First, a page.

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Hagerty
Hagerty Employee

Even in the rain, the track is safer than the street

In the interest of starting the Michigan riding season off correctly, I swiped my credit card for two days at Grattan Raceway with Sport Bike Track Time (SBTT) in the hopes of learning something. My main takeaway? I never really loved street riding. I certainly don't now.
https://www.hagerty.com/media/motorcycles/even-in-the-rain-the-track-is-safer-than-the-street/
6 REPLIES 6
AllenHanford
New Driver

Safer? The worst I ever got hurt riding a motorcycle was at the track. Sure, if you putt around on the track the same way you do when riding to work, it's much safer. But that's not what really happens at race tracks, is it?

It all comes down to how hard you push your luck. When I crashed at summit point I was chasing a guy I was never going to catch, and wound up in the gravel trap. EVERY time I've crashed on the street or the track I was doing something that put me at risk beyond the circumstances I was in.

When my dad hung up his helmet at age 75 it was because of a crash. Nothing horrific, but enough to give him pause. Prior to that he hadn't crashed in over 50 years, before I was born. In those 50 years I crashed plenty of times. I habitually take risks, he rarely does.
Riding defensively isn't nearly as much fun as going balls-out, but if it's safety you're concerned about, you are the master of your destiny, regardless of where you're riding.
hyperv6
Racer

I pulled a biker out from under a car that hit him. It was not his fault but he was the one in the Coma. That finished my street riding.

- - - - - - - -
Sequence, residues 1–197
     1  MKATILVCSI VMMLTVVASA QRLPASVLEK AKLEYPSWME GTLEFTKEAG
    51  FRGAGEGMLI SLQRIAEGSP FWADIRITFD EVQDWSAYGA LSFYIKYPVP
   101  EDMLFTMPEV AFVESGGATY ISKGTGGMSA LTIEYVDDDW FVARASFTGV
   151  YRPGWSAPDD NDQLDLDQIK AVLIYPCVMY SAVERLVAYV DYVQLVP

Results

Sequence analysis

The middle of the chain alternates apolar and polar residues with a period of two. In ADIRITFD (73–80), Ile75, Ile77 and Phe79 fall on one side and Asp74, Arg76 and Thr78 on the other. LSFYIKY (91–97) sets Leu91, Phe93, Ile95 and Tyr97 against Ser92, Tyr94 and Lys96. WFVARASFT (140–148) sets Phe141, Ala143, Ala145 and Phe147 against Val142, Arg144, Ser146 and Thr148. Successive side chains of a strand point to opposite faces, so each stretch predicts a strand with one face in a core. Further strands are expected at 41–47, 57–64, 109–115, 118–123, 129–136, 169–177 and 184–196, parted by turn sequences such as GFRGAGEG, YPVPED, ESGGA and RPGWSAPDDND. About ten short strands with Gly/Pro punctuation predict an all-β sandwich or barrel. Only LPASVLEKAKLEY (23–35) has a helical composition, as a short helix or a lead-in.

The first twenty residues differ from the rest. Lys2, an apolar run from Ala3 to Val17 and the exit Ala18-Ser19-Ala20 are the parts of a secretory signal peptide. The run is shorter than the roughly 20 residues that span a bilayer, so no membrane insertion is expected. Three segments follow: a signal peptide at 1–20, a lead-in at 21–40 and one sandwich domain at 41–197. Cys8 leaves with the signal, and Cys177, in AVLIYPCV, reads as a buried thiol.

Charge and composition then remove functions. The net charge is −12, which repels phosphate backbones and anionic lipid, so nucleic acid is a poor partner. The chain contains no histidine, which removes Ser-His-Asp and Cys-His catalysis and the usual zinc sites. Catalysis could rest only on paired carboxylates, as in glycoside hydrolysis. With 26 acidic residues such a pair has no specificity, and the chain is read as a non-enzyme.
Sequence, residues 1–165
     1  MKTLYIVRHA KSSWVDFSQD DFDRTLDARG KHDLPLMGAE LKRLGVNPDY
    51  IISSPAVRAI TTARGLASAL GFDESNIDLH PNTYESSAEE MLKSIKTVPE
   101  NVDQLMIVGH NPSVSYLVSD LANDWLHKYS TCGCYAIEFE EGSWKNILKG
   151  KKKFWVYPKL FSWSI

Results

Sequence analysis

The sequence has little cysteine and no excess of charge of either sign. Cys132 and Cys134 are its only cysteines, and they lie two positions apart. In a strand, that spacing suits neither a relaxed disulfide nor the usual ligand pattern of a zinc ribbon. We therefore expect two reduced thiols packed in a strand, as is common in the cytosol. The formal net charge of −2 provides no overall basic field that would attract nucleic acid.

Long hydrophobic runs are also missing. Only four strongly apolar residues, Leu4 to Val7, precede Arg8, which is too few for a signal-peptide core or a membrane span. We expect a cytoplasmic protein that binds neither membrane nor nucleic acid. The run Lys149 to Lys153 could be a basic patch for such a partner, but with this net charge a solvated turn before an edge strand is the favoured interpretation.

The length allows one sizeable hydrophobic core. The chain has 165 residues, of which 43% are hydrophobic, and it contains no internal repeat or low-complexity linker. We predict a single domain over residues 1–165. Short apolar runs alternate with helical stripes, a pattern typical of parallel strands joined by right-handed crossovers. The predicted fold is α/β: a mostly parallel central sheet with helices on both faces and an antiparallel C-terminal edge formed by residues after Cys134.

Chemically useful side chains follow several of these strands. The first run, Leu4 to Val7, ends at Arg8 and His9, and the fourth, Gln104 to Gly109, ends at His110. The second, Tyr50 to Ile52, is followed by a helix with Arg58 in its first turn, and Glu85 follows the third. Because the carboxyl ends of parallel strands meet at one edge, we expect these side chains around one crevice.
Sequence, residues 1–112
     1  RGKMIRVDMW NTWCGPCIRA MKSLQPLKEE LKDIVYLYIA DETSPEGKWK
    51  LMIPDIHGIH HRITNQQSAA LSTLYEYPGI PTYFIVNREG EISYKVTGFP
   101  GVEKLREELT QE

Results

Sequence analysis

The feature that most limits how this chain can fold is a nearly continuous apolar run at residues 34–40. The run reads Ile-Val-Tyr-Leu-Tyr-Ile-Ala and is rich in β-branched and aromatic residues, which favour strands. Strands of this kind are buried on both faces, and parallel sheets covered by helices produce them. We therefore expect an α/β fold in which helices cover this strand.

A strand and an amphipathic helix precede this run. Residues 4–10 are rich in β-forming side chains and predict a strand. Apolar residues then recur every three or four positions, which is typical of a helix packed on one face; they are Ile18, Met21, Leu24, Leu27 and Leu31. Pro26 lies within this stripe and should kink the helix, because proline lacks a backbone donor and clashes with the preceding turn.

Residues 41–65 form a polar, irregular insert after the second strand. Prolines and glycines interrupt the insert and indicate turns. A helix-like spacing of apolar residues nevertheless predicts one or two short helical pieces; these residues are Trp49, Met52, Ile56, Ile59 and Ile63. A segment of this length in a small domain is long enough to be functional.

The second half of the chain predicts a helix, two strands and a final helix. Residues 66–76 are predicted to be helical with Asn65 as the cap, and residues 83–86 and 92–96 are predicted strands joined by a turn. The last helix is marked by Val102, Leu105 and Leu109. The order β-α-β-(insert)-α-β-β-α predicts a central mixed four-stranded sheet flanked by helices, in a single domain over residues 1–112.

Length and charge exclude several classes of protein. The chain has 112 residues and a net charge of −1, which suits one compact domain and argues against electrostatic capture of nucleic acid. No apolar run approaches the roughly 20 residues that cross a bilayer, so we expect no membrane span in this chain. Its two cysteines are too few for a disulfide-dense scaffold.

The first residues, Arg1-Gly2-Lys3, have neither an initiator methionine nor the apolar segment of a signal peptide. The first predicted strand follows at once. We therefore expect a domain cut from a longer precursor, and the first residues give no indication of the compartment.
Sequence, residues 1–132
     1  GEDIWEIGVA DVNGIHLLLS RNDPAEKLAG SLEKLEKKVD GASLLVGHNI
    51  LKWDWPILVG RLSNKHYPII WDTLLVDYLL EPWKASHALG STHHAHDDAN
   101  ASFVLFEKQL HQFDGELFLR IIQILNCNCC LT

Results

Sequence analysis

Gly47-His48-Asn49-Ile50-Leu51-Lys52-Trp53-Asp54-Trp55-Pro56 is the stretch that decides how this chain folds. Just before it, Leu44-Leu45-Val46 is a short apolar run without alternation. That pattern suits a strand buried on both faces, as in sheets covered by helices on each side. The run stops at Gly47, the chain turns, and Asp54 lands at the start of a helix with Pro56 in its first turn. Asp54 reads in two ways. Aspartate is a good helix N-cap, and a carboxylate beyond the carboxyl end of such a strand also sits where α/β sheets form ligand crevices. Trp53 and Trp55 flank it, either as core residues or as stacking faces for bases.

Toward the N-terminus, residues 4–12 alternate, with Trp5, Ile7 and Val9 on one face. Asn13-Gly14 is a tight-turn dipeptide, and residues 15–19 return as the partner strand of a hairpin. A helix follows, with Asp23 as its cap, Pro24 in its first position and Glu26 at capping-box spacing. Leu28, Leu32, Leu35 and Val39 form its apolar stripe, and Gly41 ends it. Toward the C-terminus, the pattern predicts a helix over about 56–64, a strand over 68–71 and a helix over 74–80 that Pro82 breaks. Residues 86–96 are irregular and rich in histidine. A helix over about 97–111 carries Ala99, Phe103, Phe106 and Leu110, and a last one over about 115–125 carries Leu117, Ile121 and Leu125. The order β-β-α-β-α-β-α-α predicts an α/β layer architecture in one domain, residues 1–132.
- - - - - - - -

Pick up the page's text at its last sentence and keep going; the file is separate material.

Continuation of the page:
Track and off road cuts the risk in half. If you screw up it is your fault you hit the tree or laid down a bike at the track. 

Bikes are fun but the risk goes up and you just have to decide if it is worth it. For me it was for a while but not anymore. I still love ‘em and admire them but. No longer on the streets. 

AllenHanford
New Driver

As I said before, when I crashed, I was part of the problem. I was hit when a girl who was high on crack ran a red light. Concussion, broken bones, etc., and legally her fault. Still, had I done a better job of defensive riding, I could have mitigated injury or avoided it completely.
I knew a guy who was killed in front of his family when a drunk driver ran a red light and struck the driver's side door if his SUV. Cars are much less dangerous, but they're not safe. No one looks at an accident like that and says "I'm never driving a car again," because we're in a collective state of denial about risk. We hear about auto accident fatalities and think either there was nothing that could be done, or, they had an accident because they're not a good driver like me. Then we hop into our cars with our children and babies and roll the dice.
Kalei
New Driver